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Lenten Devotions from Fourth Presbyterian Church

Tuesday, November 26, 2019  

Today’s Scripture Reading | Psalm 46             

God is our refuge and strength,
   a very present help in trouble.
Therefore we will not fear, though the earth should change,
    though the mountains shake in the heart of the sea;
though its waters roar and foam,
   though the mountains tremble with its tumult.

There is a river whose streams make glad the city of God,
   the holy habitation of the Most High.
God is in the midst of the city; it shall not be moved;
   God will help it when the morning dawns.
The nations are in an uproar, the kingdoms totter;
   he utters his voice, the earth melts.
The Lord of hosts is with us;
   the God of Jacob is our refuge.

Come, behold the works of the Lord;
   see what desolations he has brought on the earth.
He makes wars cease to the end of the earth;
   he breaks the bow, and shatters the spear;
   he burns the shields with fire.
“Be still, and know that I am God!
   I am exalted among the nations,
   I am exalted in the earth.”
The Lord of hosts is with us;
   the God of Jacob is our refuge. (NRSV)

Reflection
I taught English as a second language in Tokyo one summer. During the middle of a session an earthquake startled the class and put newfound faith into their teacher. Without warning, the ground shook violently and unevenly. The classroom building rattled with noises that I had never heard before. Everything else not secured down simply slid, rocked, or tumbled one way or the other. Had the chaos continued longer, it would have done a lot more damage. Not soon enough, inertia took back its steady command. The shaking faded and was followed by an eerie silence and calm.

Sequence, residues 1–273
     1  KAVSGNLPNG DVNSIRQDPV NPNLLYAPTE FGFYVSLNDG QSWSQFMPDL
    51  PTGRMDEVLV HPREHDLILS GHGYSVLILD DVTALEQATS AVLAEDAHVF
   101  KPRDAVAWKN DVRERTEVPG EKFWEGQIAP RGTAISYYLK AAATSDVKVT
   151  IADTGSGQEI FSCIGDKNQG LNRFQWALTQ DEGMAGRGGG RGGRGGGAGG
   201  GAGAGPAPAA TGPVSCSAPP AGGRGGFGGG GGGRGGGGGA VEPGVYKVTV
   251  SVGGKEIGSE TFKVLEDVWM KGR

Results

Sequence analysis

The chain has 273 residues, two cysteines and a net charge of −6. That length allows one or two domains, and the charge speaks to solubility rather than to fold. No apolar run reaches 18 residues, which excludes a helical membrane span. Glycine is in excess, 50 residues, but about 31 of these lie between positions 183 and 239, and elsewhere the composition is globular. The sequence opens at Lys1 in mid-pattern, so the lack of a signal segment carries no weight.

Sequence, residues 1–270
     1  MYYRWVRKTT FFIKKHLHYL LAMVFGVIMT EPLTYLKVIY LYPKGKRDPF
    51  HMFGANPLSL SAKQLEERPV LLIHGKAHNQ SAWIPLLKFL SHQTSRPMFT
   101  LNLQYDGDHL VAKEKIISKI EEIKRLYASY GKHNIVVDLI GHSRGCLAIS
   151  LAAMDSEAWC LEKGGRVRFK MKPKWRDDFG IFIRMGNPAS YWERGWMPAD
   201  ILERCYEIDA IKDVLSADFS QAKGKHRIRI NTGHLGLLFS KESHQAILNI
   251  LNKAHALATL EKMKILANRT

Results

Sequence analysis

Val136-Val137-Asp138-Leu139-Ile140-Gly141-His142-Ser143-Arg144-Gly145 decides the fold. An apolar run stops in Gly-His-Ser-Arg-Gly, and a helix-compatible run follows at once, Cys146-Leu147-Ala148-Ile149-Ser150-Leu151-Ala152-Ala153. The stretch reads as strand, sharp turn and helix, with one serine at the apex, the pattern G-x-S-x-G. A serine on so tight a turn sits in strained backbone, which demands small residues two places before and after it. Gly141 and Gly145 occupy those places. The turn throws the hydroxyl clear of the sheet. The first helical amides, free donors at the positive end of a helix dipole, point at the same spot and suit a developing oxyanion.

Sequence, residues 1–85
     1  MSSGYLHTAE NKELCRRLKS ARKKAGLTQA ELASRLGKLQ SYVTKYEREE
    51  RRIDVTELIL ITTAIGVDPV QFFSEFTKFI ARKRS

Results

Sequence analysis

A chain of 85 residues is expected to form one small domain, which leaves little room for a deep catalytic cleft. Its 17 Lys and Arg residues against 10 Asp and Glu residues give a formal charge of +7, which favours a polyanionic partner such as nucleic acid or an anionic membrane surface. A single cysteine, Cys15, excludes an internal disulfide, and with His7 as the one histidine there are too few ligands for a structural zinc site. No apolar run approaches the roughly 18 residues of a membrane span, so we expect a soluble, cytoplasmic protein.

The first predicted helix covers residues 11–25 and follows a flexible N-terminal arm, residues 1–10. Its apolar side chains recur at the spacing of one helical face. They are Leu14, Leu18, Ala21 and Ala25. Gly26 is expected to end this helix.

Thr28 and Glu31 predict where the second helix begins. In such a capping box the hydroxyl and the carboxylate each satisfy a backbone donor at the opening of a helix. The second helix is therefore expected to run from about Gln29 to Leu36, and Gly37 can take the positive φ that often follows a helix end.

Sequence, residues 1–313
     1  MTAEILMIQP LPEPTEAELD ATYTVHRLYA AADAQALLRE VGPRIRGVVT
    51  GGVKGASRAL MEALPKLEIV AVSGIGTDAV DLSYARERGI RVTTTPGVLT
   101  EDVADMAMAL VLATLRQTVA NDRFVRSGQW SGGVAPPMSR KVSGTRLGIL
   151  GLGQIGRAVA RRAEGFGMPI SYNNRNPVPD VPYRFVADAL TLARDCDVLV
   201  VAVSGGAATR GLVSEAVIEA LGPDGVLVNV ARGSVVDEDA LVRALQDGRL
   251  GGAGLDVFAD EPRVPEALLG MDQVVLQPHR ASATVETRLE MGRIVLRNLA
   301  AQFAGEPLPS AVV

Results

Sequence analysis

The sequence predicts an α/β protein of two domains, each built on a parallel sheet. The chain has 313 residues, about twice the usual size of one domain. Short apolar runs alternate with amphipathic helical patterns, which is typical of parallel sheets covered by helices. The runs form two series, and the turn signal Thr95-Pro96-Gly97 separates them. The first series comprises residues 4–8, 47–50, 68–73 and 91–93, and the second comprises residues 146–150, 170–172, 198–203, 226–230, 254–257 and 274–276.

I learned later that earthquakes and tremors are commonplace in Japan (there were more that summer) and the Japanese have come to endure them with a sort of powerless inevitability. I could only imagine a whole life waiting for the next big one. How does one deal with such an outlook? 

While tremors and earthquakes are geological events, in many ways disruptions in our lives can feel like ruptures to the fault lines in our spirits. Without warning our lives can be turned upside down, and in seemingly uncontrollable ways. Worse, we often project into the future the worst of outcomes from the ongoing turmoil. Despondent, without hope, fearful of what is ahead, our courage is zapped of its strength. Certainly singing a psalm will be one of the last of the options we identify—after all, its fight or flight time!

Deep down we know finding calm is best for restoring our faith and ability to move forward. Unlike waiting hopelessly for the next seismic event, we often forget that we are part of something larger—God’s enduring, watchful care. If you’re like me, having some reassurance goes a long way in this regard. That’s what I find the psalmist encouraging here: maintain hope by trusting in the power of God’s will and knowing that divine providence will deliver us through the tremors and shifting fault lines of our lives.

Prayer
Lord, help us to feel the comforting solace of your power and grace during our dark times. By singing this psalm we outwardly express what our faith instills within us: that “the Lord Almighty is with us . . . our fortress.” Amen.

Written by Ken Walker, Member of Fourth Presbyterian Church


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